Thursday, March 22, 2012
Allen grad eyes Miss Wheelchair Texas title
Skylar Conover is one of 11 finalists in the Miss Wheelchair Texas competition, set for March 24 in Houston.
In 2005, Lowery Freshman Center student Skylar Conover suddenly collapsed while at school.
A former competitive cheerleader and Allen Tallenette, Conover had experienced unexplained pain since sixth grade. While the collapse was initially thought to be a seizure, an emergency trip to Children's Hospital in Dallas revealed she had suffered a large muscle spasm.
After a series of DNA tests, the cause of the pain and muscle spasm was identified: Conover had muscular dystrophy.
While the news brought Conover's aspirations as a dancer to an end and left her wheelchair bound, it would lead her to find success in what ultimately became her greatest passion -- disability awareness.
Now 22 and an Allen High School graduate, that passion has led Conover to be one of 11 finalists in the Miss Wheelchair Texas competition, set for March 24 in Houston.
The annual competition seeks the state's most articulate and dedicated advocates for disability awareness to select the organization's next spokesperson.
"I always try to see the silver lining with everything, and if I could make a change in one person's life, I have completed my mission," she said.
With three years of experience teaching fellow Texans what it's like to live with physical disabilities, Conover believes she has what it takes for the job.
Conover regularly holds compassion workshops in the Allen area, where visitors can visit up to eight stations offering different "simulations" of life with a particular disability. For example, a visitor might navigate an obstacle course in a wheelchair while holding a tray of food, or attempt to convey a message to another person while holding their own tongue.
The goal of the workshops, Conover said, is to break down the barriers that make people hesitant to approach or have difficulty understanding people with disabilities.
"Stigma comes from not being knowledgable ... If that knowledge was out there, we would get into a more accepting environment," she said.
Conover has also worked with Camp Craig Allen, an organization seeking to build a camp for disabled children and adults, since its inception and participated in the Stride and Ride, a walk for muscular dystrophy research. Her work has even netted her a speaking engagement at Collin College.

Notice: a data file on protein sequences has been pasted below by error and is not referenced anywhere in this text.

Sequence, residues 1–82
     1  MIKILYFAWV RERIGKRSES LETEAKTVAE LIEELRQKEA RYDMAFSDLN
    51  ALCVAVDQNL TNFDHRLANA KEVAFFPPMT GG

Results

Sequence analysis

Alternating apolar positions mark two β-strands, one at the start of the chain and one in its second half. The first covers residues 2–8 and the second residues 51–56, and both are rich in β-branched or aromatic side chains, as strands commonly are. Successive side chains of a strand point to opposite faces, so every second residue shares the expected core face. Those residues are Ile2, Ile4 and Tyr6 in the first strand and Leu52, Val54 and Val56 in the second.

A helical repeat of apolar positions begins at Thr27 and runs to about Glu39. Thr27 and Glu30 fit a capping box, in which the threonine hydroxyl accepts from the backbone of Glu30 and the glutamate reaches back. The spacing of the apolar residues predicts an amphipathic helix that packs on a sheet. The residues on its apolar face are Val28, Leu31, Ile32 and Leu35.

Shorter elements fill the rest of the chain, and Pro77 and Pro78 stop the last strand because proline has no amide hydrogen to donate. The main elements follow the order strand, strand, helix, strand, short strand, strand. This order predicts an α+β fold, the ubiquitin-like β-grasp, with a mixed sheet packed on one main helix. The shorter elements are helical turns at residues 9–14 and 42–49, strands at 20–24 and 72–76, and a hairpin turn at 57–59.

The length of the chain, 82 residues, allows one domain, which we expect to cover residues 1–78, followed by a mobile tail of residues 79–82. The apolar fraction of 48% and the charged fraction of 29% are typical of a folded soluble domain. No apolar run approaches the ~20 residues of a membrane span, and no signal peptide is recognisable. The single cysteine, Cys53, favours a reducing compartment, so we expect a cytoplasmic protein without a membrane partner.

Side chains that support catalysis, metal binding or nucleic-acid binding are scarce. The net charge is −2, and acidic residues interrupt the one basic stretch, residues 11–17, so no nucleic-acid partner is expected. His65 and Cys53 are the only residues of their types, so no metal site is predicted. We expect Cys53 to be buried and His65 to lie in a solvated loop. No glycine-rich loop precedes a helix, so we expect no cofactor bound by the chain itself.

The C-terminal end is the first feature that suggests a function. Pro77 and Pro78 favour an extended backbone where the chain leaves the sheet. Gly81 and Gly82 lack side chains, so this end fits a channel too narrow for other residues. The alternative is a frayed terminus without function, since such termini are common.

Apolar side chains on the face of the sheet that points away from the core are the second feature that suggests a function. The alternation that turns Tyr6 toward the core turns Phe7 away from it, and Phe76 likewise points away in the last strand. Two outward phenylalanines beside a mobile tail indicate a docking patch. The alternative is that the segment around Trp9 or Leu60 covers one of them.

Ultimately, it was a friend of hers from Camp Craig Allen -- outgoing Miss Wheelchair Texas Amanda Hall -- that led her to take a shot at the crown.
"It just really inspired me, what the organization does and how it inspires women to advocate for themselves and advocate for other individuals," she said.
Miss Wheelchair Texas started in 1972 as a showcase for the talent and determination of disabled women and a mechanism through which they can become their own advocates, visiting schools to spread awareness of mobility impairment and taking the issues they face to lawmakers in Austin and beyond.
"What we want in the titleholder is a person who not only knows the current issues, but is passionate about helping people with disabilities and also changing the face of people with disabilities within the community; doing away with a lot of the stereotypes and stigmas in the community about disabilities," said Ana Calvo, president of Miss Wheelchair Texas and 2009 titleholder.
Conover said she has been doing extensive research on disability laws and the issues people with disabilities face in Texas to prepare for the competition. Her gown has been selected and her platform speech is written; all that's left is to practice and continue working to finish her senior year at the University of North Texas.
"I'm always running and always busy, but I kind of like it this way," she said.
Calvo said whoever wins the competition, all contestants will leave the event as ambassadors for the organization and its mission in their home communities.
"We think that the best way to further our mission of advocacy ... by broadening the spectrum around Texas, because it's such a large state, and you have to understand not one girl can do it all," she said.
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